2. Through our staff and chapter advisors, who are alumni volunteers, we provide 1-on-1 coaching and mentorship for all of our student leaders. Coaching sessions, which typically happen once a month during the school year, offer students a chance to reflect on what they've learned as leaders of their chapters. During these sessions, we also help students set goals and problem solve. All staff and advisors are trained in our educational resources.

3. At least once a year, we gather students and alumni for leadership trainings. The Summit is the largest of these gatherings, bringing together 100 participants for a weekend of programs that explore our core values of community, philanthropy and advocacy. At this year's summit, we have several programs that specifically discuss Jewish Wisdom. This year's summit will open with an activity by Jon Woocher from the foundation, who will lead our students in an activity to identify how Jewish sensibilities connect to their work with Challah for Hunger. Students will also learn about and apply Jewish wisdom through sessions lead by representatives from MAZON, Avodah and One Table.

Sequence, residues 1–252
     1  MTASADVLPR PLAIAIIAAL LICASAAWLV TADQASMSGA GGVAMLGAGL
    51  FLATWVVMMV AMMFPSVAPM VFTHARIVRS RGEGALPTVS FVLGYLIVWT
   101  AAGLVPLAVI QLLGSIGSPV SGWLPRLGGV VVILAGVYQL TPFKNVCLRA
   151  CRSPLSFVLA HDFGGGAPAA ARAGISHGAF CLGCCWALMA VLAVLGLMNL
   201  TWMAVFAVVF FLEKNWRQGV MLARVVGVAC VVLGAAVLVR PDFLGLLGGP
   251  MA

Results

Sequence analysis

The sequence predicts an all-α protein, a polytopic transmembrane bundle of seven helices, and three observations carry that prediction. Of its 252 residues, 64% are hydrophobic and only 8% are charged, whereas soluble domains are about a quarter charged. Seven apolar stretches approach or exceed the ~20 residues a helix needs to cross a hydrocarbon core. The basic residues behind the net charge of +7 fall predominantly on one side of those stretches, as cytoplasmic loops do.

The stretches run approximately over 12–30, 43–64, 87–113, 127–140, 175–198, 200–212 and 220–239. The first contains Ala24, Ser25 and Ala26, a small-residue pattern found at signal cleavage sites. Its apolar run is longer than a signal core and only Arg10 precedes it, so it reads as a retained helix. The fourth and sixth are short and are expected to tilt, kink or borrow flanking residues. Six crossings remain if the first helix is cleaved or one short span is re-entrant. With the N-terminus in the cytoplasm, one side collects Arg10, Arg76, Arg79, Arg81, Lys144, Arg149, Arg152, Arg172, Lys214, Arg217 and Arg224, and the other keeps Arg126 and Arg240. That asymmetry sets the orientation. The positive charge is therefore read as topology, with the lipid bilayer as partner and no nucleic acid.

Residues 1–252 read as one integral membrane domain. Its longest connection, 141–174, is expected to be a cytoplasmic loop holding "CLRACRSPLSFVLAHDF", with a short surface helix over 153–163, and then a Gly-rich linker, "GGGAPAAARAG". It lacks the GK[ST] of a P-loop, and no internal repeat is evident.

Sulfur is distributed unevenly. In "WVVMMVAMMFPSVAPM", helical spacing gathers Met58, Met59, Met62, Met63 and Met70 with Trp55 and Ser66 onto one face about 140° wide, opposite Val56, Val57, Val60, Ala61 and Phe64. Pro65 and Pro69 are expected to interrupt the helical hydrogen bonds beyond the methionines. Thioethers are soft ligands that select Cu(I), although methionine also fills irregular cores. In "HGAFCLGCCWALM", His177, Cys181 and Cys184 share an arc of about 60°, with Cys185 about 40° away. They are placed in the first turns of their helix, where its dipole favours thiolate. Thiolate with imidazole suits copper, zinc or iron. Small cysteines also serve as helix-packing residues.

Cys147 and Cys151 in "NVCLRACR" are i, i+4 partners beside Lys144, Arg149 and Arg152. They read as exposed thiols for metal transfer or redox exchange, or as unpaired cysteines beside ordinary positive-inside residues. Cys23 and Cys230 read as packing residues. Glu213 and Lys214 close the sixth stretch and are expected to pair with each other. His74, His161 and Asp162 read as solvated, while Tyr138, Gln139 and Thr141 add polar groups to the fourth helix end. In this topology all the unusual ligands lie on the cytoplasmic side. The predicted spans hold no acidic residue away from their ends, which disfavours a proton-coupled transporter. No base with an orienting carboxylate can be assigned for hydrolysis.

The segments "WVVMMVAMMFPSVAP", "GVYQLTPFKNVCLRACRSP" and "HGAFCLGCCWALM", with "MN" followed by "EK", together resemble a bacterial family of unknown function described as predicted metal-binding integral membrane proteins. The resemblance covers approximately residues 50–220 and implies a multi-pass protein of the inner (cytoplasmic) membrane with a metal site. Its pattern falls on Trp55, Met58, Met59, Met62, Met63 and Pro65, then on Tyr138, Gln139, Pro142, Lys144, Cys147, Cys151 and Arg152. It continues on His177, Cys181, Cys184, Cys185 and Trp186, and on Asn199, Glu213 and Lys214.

The most important tool we have in making wisdom applicable are the students themselves. Because our chapters are student-led, the students are responsible for demonstrating the relevancy that this wisdom has in their daily lives and using their understanding to recruit other students to get involved. Students learn from each other and openly discuss how each lesson applies to their lives on campus.

What impact has your program had on your participants?

Each year we conduct a survey that evaluates impact on Jewish identity, understanding and application of our core values (Community, Philanthropy, and Advocacy) and skill development. From that survey, we know that: